1st Edition

Understanding Social Sustainability in a Hill Town Water Governance in Shillong

By Bankerlang Kharmylliem Copyright 2025
    184 Pages 4 B/W Illustrations
    by Routledge India

    Nestled amidst rolling hills, Shillong, the Himalayan capital city of Meghalaya in India’s northeast, faces a growing challenge of water scarcity. This timely book examines the role of urban and traditional village councils (the Khasi dorbar shnong) in shaping equitable water distribution and management through the lens of social sustainability.

    The book navigates through the complexities of water governance, shedding light on the challenges and opportunities and elucidating the interplay between tradition and modernity in urban governance. It also features narratives of success and struggle, and covers diverse themes, including social capital and gender. It initially foregrounds social sustainability setting the context for the study. It ventures into a detailed examination of the institutions of the village councils, with particular attention to water equity and water governance, including highlighting differences between municipal and non-municipal areas. The volume offers significant theoretical and empirical insights into Shillong's water challenges, filling a gap in the literature on northeast hill towns/cities.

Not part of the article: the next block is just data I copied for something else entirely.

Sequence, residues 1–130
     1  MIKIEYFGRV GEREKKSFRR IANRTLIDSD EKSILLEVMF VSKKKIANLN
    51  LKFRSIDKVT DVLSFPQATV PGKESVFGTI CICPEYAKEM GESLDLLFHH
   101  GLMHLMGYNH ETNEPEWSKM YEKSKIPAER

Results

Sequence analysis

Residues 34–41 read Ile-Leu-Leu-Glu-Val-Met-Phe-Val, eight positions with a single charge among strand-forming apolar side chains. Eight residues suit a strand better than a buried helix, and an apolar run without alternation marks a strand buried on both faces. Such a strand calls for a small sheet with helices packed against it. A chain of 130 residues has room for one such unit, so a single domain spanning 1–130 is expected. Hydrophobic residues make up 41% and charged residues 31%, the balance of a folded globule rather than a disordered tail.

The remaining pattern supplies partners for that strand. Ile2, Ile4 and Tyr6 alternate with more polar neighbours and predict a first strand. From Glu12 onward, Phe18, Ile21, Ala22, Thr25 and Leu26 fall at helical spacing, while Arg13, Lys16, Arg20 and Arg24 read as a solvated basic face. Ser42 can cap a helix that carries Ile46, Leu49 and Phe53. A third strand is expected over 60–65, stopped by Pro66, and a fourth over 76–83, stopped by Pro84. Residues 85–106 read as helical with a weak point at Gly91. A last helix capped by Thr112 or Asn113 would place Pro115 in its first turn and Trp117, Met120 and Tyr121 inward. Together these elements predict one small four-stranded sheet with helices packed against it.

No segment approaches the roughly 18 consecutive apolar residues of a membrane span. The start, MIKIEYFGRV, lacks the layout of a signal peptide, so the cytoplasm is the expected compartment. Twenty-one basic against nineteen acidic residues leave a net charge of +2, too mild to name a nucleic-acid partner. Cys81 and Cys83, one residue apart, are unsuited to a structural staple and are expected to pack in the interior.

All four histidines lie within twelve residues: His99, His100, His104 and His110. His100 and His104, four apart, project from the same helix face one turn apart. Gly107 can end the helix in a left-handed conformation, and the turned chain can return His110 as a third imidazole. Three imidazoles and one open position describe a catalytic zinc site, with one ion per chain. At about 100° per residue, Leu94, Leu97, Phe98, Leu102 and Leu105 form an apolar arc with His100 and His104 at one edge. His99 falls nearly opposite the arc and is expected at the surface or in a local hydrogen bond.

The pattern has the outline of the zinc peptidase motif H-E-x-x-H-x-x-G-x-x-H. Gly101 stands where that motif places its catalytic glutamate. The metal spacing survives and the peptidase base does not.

Part of Transitions in Northeastern India series, this book will be valuable to a diverse audience including students, researchers, policy practitioners, community leaders, and general readers interested in urban studies, sociology, development studies, public administration, Asian studies, sustainability, and those concerned about our urban-water future.

    1. Social Sustainability 2. Water Scenario in North East India 3. Water in the City 4. The Traditional Institutions 5. Water (In)Equity 6. Urban Water Governance and the Village Councils 7. Future Prospects


    Bankerlang Kharmylliem currently holds the position of Assistant Professor of Sociology at Shillong Commerce College in Meghalaya, India. Previously, he served as a guest lecturer at the School of Education, North Eastern Hill University, India. He earned his master's degree in development studies and completed his Ph.D., both at the Indian Institute of Technology (IIT) Guwahati, India. His range of interests spans urban sustainability, urban studies, future studies, the sociology of development, and urban sociology.